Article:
When you eat, your mouth releases the enzyme salivary amylase to break down carbohydrates and ensure proper digestion, says Tracy Lockwood, R.D., a New York City-based nutritionist. If you're eating too fast, you're not chewing your food enough to allow the enzyme to work, which means you won't absorb all the nutrients.
Fat-soluble vitamins A, E, and K, as well as antioxidants like carotenoids, need fat to be properly absorbed in the body, research shows. Add olive oil, avocado, or nuts to your favorite vegetables or salad.
This best preserves the nutrients in produce, says Bethany Snodgrass, operations manager for the Equinox Fitness Training Institute in New York City and a holistic health coach. Instead of roasting those vegetables, try steaming them.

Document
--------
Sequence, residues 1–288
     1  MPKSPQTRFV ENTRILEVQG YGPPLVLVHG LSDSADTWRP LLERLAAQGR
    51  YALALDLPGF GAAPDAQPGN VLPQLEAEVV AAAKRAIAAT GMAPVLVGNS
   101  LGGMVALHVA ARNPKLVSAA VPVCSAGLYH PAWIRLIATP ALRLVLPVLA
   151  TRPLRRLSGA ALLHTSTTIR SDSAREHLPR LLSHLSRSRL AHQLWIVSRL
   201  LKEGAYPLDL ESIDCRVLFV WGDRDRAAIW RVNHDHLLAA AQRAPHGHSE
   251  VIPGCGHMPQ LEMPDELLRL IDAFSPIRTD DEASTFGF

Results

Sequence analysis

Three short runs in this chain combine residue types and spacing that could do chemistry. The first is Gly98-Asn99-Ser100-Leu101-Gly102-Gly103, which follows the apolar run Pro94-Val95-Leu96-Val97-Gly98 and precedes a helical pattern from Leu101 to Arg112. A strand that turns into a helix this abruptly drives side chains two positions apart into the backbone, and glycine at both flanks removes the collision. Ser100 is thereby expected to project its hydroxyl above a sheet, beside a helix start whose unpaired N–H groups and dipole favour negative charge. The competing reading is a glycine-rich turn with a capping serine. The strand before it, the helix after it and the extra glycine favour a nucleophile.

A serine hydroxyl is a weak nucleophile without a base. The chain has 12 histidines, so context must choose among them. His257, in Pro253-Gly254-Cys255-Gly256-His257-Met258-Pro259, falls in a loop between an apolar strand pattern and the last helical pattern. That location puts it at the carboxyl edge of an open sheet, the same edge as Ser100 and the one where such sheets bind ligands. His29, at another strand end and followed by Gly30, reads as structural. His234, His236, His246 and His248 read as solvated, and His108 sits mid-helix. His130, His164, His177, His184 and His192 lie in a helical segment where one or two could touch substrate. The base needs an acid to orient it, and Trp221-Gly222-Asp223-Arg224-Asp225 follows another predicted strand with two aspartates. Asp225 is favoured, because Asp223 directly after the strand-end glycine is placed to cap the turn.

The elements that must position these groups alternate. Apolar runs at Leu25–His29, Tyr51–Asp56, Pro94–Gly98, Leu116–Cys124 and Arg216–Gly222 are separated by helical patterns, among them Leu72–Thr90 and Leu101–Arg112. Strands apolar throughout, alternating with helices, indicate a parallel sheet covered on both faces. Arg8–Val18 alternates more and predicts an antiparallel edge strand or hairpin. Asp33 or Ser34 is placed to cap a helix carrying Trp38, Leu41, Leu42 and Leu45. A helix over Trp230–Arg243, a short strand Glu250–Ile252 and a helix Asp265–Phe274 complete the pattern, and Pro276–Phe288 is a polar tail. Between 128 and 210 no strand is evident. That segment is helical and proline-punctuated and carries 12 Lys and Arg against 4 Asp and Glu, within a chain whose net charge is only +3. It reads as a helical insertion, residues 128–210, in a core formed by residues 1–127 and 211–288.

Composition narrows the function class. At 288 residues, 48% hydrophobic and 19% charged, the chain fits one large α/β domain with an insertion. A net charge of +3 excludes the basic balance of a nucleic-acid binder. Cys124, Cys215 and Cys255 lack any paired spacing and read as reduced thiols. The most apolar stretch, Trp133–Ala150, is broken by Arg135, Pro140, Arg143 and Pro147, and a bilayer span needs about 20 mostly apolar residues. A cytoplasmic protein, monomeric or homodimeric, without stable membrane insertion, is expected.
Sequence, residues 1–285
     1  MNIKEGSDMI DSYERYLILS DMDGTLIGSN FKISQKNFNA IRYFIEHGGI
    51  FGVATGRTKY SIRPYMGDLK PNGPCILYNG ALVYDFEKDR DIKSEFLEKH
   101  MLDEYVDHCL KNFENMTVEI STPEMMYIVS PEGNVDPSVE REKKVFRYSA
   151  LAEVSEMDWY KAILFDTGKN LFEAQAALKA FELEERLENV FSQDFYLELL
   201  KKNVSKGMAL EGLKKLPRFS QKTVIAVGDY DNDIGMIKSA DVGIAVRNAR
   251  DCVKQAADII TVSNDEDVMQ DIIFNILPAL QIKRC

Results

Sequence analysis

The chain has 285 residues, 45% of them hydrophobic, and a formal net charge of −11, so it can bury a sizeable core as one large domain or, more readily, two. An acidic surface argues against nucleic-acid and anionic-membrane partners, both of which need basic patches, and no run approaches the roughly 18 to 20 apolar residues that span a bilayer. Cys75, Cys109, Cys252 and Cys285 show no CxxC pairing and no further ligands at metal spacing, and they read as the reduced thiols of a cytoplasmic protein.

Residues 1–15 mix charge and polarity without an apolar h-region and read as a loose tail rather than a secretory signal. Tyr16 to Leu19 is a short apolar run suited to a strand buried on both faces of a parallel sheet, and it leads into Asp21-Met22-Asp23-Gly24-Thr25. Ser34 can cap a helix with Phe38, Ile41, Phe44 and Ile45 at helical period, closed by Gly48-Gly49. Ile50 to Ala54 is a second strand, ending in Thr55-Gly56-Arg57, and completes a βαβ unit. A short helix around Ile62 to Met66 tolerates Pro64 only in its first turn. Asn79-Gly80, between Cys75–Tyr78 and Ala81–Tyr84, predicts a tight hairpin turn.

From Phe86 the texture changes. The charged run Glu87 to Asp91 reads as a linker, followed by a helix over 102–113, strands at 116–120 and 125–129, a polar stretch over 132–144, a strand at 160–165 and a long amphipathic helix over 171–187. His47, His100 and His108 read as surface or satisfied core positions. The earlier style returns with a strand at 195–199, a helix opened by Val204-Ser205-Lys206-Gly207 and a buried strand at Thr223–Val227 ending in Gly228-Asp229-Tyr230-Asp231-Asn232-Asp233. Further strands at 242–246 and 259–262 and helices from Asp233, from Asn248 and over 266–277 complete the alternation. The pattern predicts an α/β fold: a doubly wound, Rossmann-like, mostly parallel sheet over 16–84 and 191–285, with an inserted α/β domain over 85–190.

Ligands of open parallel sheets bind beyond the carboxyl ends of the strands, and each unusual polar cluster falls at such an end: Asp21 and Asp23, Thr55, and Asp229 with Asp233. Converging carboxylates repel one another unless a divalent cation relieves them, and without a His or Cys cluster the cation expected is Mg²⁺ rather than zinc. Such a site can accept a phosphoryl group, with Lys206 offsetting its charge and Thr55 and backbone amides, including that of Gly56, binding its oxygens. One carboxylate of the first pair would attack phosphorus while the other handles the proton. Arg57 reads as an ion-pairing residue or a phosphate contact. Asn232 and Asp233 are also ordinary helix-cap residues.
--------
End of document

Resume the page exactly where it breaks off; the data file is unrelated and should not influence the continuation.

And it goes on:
The iron in plant-based foods (spinach and lentils, for example) is less accessible by the body compared to the iron found in meat. Pairing these foods with vitamin C can improve absorption. Try topping your spinach salad with strawberries or lentils with a lemon juice-based vinaigrette.
White pepper contains a compound called piperine, which increases nutrient absorption. Try making a seasoning blend like Penja, and use it on seafood, fish, and veggie dishes.